A game guard crouches down while entering information into his Event Book.

Photo © NACSO/WWF Namibia


What is an Event Book?

An Event Book is a small yellow book that community game guards use to record incidents relating to wildlife (“events”) during their daily work. These incidents include cases of human-wildlife conflict (e.g. livestock killed by a predator), cases of suspected poaching or wildlife deaths from unknown causes, sightings of locally rare species, wild fires, or anything of interest that they observe. Which species sightings are monitored and what constitutes an Event of interest that should be recorded is defined by the conservancies themselves, rather than by external ‘experts’. This gives a real sense of ownership over the system of monitoring and thus increases trust in the data generated.

The booklet itself is designed to be easy to use, although all game guards receive training in how and where to enter their data. Once a month, all of the game guards from a particular communal conservancy will come to the office and transfer the information from their booklets to a monthly reporting chart. The chart is basically a bar graph that is filled in based on the number of Events recorded for a particular topic (e.g. animals seen). This “blue book” thus holds monthly records from all game guards for that conservancy. At the end of the year, the records from charts in the blue book will be transferred to a “red book” that contains similar charts that are filled in for the year. Together, these books provide a solid system of reporting and a paper trail to root out any reporting issues.


How does the Event Book system contribute to Namibian wildlife management?

Individual conservancies maintain their own Event Books and keep archives for the past years. Although the original data remains on paper at the respective conservancy offices, the information is also transferred to a computer database as part of an annual Event Book audit. This provides a bigger picture, which is important because communal conservancies are not fenced and what is happening in one may influence others. The datasets are usually divided into conservancies according to their region (e.g. north-west or north-east) to show trends over time for large landscapes under communal conservancy management. These reports can be found here or in the annual State of Conservancies publications.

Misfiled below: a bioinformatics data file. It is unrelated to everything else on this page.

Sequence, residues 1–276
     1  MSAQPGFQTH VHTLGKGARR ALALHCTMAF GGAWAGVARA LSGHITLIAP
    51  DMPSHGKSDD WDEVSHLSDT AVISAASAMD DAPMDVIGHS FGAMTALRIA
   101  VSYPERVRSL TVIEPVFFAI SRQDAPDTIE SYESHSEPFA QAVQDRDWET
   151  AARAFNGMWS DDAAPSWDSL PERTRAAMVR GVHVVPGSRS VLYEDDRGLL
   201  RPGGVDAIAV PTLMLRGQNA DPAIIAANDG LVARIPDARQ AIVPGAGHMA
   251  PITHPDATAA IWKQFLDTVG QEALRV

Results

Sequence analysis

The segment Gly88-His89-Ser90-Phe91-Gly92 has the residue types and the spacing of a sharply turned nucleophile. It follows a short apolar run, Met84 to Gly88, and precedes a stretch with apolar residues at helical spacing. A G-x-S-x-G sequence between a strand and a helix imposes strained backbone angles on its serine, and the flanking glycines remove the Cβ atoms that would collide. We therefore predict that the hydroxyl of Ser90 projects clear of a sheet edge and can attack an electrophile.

Understanding trends in human-wildlife conflict, poaching and wildlife sightings provides the basis for management policies at the local, regional and national scales. Individual conservancies can use their data to inform their anti-poaching and human-wildlife conflict mitigation efforts, and to ensure animal and plant harvests are sustainable. Regional coalitions of conservancies can also use their combined data to request more assistance for specific issues (e.g. building predator-proof livestock enclosures). Nationally, the government can use the data to highlight issues that need more management attention in specific areas to inform policies and action.


How is the Event Book system supported?

While the communal conservancies are the main users and beneficiaries of the Event Book system, the annual audits and maintenance of national databases still requires external support. The Namibian Association of CBNRM1 Support Organisation (NACSO) has formed a Natural Resources Working Group to undertake these tasks. This group includes specialists from non-governmental organisations and government institutions that have the knowledge and mandate to support communal conservancies.

The Group ensures that conservancies receive Event Books for each new year and are provided suitable feedback on their own data and how it fits in with the regional and national big picture. Their reports on the State of Conservancies reflect on how well the programme is performing and what can be improved. This feeds into national plans and policies on issues such as human-wildlife conflict, anti-poaching, the status of rare species, and sustainable use of plants and animals.

1Community-based Natural Resource Management


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